Active rifting, magmatism and volcanism in the Afar Depression, Ethiopia

Vye-Brown, Charlotte; Smith, Kay; Wright, Tim. 2013 Active rifting, magmatism and volcanism in the Afar Depression, Ethiopia. Large Igneous Provinces Commission.

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The Afar Depression forms a topographic low in north-eastern Ethiopia at the triple junction of the Red Sea, Gulf of Aden and Main Ethiopian Rifts at the northern end of the East African Rift system. This setting is one of few locations where active continental breakup and the transition to oceanic crust can be observed on land and serves as a unique natural laboratory to understand the processes involved (Makris and Ginzburg. 1987). The margins of the Afar Depression are marked by the Ethiopian plateau to the west, Somali plateau to the southeast and Danakil Highlands to the northeast. Since the emplacement of the Ethiopian Trap Basalts ~ 31-29 Ma, the Arabian plate has been moving away from the Nubian plate to form the Red Sea (Ebinger et al., 1993; Hofmann et al., 1997; Wolfenden et al., 2005). The inland continuation of the Red Sea extension is displayed in en-echelon ~ 60 km-long discrete magmatic rift segments which are foci for volcanic and tectonic activity: Erta’Ale, Tat’Ale, Alayta and Dabbahu-Manda Hararo (Acocella et al., 2008; Ebinger and Casey, 2001; Hayward and Ebinger, 1996). The Dabbahu-Manda Hararo magmatic segment is the southernmost segment to display the north-west – south-east orientation of the Red Sea Rift in Afar and therefore marks the propagating tip of the Red Sea Rift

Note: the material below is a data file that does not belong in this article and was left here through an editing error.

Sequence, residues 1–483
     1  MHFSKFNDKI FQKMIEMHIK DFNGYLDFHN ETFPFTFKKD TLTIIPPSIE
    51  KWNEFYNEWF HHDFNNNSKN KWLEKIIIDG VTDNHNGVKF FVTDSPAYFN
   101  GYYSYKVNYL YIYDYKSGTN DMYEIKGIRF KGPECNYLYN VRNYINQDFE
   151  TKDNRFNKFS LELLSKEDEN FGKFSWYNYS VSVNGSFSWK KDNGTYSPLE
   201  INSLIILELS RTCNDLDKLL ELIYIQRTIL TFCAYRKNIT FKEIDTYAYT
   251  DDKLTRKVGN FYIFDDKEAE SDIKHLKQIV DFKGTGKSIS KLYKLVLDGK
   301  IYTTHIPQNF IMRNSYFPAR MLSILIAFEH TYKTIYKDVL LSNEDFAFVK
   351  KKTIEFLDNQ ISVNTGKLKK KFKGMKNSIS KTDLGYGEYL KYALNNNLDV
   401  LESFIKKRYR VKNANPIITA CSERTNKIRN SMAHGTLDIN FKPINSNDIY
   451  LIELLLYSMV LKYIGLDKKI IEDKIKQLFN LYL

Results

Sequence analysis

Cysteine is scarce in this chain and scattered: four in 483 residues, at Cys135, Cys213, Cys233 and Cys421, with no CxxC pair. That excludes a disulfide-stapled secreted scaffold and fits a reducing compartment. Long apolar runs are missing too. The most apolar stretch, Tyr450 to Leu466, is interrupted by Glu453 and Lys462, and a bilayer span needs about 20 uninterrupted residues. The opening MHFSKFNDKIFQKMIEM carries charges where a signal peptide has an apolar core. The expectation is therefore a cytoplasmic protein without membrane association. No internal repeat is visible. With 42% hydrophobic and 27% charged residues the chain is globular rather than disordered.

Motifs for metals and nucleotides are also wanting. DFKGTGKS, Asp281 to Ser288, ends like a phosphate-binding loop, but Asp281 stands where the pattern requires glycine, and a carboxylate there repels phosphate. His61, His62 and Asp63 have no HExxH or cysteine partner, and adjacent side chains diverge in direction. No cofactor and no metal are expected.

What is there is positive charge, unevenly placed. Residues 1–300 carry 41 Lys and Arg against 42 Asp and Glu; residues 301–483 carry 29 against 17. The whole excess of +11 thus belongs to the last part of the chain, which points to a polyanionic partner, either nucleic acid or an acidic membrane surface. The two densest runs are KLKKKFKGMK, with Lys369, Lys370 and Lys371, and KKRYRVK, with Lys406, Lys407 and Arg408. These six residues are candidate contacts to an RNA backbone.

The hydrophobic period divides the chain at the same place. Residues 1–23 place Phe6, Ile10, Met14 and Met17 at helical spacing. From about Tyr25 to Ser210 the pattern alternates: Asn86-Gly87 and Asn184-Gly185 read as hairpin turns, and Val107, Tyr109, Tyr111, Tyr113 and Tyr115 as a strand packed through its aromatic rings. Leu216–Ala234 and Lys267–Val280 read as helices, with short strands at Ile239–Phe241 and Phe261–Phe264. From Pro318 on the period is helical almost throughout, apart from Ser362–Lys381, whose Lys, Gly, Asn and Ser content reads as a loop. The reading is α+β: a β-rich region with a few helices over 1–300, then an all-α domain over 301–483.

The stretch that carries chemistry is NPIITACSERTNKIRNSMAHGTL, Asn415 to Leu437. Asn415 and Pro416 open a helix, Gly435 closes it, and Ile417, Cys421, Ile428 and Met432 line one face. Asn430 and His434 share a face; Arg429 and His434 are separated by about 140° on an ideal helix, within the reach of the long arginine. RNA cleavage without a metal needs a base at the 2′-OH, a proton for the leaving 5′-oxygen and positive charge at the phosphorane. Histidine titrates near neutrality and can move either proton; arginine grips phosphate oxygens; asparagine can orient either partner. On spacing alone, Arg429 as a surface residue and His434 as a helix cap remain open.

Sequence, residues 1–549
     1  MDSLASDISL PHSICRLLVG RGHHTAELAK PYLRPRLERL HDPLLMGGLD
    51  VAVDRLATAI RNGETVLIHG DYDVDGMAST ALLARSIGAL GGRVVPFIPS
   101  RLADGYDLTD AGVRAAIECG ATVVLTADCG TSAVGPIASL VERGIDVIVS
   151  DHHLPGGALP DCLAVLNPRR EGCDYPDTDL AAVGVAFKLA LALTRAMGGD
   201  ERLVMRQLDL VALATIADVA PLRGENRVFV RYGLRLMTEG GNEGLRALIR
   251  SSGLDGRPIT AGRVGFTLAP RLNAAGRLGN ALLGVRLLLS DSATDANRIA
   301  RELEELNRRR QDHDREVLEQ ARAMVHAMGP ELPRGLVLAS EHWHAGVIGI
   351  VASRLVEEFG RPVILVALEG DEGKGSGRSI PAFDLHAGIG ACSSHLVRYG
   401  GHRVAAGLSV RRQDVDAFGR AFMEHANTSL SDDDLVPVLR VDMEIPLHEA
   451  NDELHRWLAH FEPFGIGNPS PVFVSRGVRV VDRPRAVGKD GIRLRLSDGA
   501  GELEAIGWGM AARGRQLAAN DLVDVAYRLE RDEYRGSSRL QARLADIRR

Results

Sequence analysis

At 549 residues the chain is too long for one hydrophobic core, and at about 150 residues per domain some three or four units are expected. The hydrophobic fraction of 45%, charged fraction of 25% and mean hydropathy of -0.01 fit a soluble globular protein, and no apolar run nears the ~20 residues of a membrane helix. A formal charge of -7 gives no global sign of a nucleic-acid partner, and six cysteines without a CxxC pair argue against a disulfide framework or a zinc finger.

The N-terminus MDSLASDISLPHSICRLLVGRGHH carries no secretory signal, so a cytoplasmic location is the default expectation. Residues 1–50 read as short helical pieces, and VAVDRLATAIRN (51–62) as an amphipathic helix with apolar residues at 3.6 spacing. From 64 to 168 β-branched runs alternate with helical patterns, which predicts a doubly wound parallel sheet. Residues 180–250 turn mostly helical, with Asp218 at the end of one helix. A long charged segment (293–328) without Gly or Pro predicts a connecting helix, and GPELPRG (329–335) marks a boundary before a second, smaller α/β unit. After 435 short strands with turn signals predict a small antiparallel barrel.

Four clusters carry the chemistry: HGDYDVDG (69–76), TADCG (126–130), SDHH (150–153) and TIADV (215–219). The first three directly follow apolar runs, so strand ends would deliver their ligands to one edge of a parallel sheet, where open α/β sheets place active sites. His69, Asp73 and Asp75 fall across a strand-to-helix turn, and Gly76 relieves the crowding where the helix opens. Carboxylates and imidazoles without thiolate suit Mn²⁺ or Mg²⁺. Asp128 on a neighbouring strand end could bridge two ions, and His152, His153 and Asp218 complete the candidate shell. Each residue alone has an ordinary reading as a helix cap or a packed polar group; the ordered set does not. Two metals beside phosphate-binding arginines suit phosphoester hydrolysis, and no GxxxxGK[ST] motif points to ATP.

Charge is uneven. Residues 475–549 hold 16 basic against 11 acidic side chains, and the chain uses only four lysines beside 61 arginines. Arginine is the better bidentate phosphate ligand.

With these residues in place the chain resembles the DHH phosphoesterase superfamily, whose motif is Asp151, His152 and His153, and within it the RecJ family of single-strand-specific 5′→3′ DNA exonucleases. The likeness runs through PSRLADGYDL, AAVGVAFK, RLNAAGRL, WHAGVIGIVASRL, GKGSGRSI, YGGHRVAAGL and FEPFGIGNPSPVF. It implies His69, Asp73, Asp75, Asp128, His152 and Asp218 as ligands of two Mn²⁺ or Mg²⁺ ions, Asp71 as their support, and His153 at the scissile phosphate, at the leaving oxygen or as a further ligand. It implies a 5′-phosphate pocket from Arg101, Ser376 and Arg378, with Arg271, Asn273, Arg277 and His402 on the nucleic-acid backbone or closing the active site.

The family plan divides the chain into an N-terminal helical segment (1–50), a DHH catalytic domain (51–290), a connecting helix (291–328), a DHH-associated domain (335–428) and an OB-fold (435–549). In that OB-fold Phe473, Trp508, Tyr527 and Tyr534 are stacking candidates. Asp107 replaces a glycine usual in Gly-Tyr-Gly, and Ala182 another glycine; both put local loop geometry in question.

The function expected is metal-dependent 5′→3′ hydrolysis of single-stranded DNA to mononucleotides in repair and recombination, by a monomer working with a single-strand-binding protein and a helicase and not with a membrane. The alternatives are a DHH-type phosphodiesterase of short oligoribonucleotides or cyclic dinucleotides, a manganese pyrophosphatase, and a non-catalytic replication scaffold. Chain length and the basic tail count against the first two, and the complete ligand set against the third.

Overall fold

Item Type: Publication - Article
Date made live: 12 Mar 2013 14:09 +0 (UTC)

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